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EU funds UK research to boost mobile phone security
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Published on 21-10-11

A young University of Bristol researcher, Jeremy O'Brien, is to get extra EU funding to help bring to market his trailblazing innovations in mobile communications security. These could allow mobile phone users to set the level of security they require for each call and increase both the security and ease of PC banking and other remote applications.
 
The new technology will help prevent eavesdropping on calls. With further development it might eventually be applied to contacts with voice mailboxes, thus reinforcing protection against the type of phone hacking featured in the current UK scandal.

    EU funds UK research to boost mobile phone security

    Professor O'Brian's work aims to bring to ordinary consumers at low cost the same high levels of security that big corporations and governments have in place to prevent cyber-attacks. The new technology he has developed is called Quantum key distribution (QKD) which works by encoding a secret key in single particles of light (or photons).

    As any information gained by an eavesdropper would disturb photons, any such action is detectable. Concretely, users would generate a secure key on their mobile phone, smartphone or tablet when they connect with, for example, a bank cash withdrawal machine equipped with the necessary technology. Uploading this feature would allow them, via a single PIN number, to apply various different levels of encryption to personal and business calls and mails from smartphones.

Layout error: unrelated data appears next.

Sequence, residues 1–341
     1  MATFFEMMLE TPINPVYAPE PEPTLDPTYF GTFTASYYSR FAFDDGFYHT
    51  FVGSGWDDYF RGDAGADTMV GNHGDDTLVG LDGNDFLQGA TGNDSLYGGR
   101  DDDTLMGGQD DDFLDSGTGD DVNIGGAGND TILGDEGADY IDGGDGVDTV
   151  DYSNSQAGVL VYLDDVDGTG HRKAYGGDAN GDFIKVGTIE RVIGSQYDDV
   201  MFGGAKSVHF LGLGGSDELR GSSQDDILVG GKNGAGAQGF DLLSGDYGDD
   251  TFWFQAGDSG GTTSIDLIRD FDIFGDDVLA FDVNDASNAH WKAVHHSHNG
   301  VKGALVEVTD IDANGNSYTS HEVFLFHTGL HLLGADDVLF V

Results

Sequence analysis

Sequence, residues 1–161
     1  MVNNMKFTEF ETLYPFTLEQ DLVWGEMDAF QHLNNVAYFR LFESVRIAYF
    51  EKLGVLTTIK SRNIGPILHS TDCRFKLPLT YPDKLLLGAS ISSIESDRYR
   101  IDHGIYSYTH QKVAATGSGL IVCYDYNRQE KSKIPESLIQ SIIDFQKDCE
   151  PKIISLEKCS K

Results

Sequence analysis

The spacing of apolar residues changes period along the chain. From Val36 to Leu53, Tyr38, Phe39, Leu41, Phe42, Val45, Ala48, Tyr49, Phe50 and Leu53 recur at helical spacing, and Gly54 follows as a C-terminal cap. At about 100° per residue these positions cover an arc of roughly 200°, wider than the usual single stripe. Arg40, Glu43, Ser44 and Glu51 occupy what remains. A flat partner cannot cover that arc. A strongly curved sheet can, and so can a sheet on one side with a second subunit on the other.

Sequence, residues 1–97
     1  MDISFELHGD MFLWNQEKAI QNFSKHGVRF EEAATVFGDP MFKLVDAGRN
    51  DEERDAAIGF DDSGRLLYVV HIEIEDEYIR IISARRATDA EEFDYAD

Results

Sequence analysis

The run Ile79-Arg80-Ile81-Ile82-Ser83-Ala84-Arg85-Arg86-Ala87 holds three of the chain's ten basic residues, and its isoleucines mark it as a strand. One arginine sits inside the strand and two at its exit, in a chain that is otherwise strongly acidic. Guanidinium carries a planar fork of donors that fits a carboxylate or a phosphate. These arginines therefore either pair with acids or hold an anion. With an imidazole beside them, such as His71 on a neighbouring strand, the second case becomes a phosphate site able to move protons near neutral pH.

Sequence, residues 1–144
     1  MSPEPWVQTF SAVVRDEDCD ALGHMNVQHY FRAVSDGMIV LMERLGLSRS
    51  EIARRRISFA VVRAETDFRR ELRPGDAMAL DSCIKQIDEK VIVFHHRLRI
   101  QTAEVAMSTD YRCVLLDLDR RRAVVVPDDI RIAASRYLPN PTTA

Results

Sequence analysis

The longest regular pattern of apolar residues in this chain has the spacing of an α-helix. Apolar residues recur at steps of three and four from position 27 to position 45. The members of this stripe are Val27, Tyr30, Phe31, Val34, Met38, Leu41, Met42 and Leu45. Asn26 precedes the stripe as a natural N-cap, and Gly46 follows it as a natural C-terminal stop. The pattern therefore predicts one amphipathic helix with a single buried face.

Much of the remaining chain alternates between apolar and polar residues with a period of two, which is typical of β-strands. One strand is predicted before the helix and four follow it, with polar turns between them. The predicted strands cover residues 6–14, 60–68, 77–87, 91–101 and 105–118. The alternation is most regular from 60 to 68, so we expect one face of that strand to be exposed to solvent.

The professor's vision is that this miniaturised and scalable system would one day be embedded not only in mobile devices but also in other consumer electronics – for example to allow more secure operation of the systems already on the market which allow customers to use their mobile phones remotely to run and adjust electronic devices in the home.

    Prof. O'Brien will now receive up to 150,000 euro (£130,000) as a "proof of concept" grant from the ERC to help bridge what is known in business and research circles as the "valley of death", where promising research ideas often fall by the wayside for lack of funding to complete the final stage of transforming them into marketable innovation. In 2009 he received 1.5 million euro (£1.3 million) under the ERC starting grant scheme for promising researchers.

    Another UK-based researcher, Peter Jackson of Sheffield University, will get a similar ERC proof of concept grant, topping up 1.68 million euro (£1.45 million) already received, to further develop his work on the way social anxieties about food impact on government policy and business practice. This further work will involve making recommendations on issues such as food labelling and marketing, in order to improve food quality and meet consumer concerns. These research based services could be marketed to regulatory agencies and to manufacturers and retailers.

    Overall 30 ERC grant holders based throughout Europe will receive the extra money for proof of concept work. Seven of them are at UK universities.

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    Last update: 21/10/2011  |Top